We’ve been asking these questions for years. And the one about whether we will stay at this house and put some more work into it, or seriously seek a different property. I told my husband that I have decided in any case to treat this house as the one we’re going to be living in for the foreseeable future. So I planted apple trees, long delayed, raspberries and blackberries, and have drawn up a design for the expansion of the garden and addition of a working studio/bike storage building and a tea house, to be built mostly from ReStore materials and in my spare time. In my experience, I become something close to depressed when I just wait and see and stop making a home where I’m at. It doesn’t have to be perfect. I left Better Homes and Gardens behind long ago, and ignore or scoff at the new local mags that feature interiors and improvements designed for the market and marketers who advertise in those same pages, rather than a real life.

It was good to visit the homes of my family members in that regard, for a reality check. My Ontario brother bought his place for the land and improved the house and interior with his own hands, built a hen house and greenhouse (in addition to a bat hotel). It’s heated by wood from his lot, and very little garbage is generated there. My Montreal sister rents whatever works for commuting by metro to her job and church and her modest shopping needs, and is most happy with the sound of the wind in the maple tree outside her apartment. My younger brother rents a one bedroom and seems content with his parking attendant job. My other sister and brother-in-law have improved the water tightness and livability of a house he bought for himself at a price that he could pay off quickly and so bed free from the soul-killing software industry he was part of. A wall down here to make a more open living room, an extra beam and dormer to tuck a loft up into the attic, and the whole lower floor for his mom and stepdad to enjoy until they didn’t need it any more. Meanwhile it’s cozy and full of personality, the plumbing works, meals are eaten at the living room coffee table or at the picnic table outside, and the flat is a haven for musicians and other friends from the city and beyond.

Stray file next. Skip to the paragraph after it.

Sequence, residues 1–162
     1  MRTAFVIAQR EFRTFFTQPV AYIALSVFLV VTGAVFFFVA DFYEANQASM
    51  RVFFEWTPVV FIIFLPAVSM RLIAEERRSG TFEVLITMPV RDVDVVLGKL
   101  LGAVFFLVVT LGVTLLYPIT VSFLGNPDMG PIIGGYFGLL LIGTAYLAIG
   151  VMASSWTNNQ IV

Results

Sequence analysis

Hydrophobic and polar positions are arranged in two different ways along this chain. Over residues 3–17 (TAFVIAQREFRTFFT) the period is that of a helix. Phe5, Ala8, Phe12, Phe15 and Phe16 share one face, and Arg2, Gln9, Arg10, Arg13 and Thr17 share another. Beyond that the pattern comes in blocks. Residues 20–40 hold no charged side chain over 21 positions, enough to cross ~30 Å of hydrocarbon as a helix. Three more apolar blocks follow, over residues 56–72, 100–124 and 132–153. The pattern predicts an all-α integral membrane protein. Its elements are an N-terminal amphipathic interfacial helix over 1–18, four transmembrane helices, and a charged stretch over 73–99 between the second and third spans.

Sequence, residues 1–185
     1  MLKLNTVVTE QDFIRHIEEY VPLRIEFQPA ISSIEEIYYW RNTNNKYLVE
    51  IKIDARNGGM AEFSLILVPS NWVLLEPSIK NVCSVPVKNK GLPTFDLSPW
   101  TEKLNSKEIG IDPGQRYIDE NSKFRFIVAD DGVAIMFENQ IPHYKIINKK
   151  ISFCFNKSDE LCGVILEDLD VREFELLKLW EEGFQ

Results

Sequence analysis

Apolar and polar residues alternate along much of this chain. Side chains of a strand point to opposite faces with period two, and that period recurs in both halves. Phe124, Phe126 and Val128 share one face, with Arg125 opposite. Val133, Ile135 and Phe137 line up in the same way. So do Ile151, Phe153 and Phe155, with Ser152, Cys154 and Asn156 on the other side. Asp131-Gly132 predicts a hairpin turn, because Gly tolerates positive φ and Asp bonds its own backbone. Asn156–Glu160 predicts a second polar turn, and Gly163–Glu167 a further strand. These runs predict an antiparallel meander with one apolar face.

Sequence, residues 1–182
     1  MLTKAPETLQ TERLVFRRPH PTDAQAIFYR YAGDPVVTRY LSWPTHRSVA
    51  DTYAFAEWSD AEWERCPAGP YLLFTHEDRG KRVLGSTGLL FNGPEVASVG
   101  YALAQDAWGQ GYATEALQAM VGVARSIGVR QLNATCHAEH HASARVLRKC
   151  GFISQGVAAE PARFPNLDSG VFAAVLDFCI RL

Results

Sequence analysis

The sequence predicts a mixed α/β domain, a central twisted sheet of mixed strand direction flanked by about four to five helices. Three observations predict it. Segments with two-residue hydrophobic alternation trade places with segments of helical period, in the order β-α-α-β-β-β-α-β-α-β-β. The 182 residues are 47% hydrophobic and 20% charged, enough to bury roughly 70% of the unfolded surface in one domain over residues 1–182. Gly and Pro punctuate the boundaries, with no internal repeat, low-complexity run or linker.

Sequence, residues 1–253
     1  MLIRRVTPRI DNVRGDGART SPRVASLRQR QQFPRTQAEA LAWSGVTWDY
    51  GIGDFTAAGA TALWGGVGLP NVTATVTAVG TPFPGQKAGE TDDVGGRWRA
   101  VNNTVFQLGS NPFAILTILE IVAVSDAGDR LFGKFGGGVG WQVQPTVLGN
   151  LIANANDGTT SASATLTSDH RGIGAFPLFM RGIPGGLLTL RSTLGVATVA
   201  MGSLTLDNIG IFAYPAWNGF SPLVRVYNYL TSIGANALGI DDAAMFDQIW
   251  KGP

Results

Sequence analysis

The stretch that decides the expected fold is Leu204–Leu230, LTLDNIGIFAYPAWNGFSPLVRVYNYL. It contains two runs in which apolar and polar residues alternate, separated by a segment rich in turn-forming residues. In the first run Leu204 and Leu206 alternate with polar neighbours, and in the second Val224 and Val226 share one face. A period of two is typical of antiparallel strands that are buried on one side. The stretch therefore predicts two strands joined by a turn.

Mom and Dad’s “vacation home” is a small centuries old house typical of the village of Crow Head, Newfoundland –low ceilinged (people were shorter then), recently added flush toilet, no insulation, and a gorgeous Atlantic Ocean view almost completely cut off by the grassy root cellar mound and storage shed. The local carpenter replaced the drafty windows and added a painting studio, and Mom has pinned up her quilts, calendar and quilt magazine pages, and a Blue Rodeo poster. Back in their home in Nova Scotia, the farmhouse bought from the farmer next door, the wood stove, insulation, and garden are better, but again it’s a place to make and remember a life, not a showcase.The home is centered around creative activity, art, literature, and visitors (which include animals).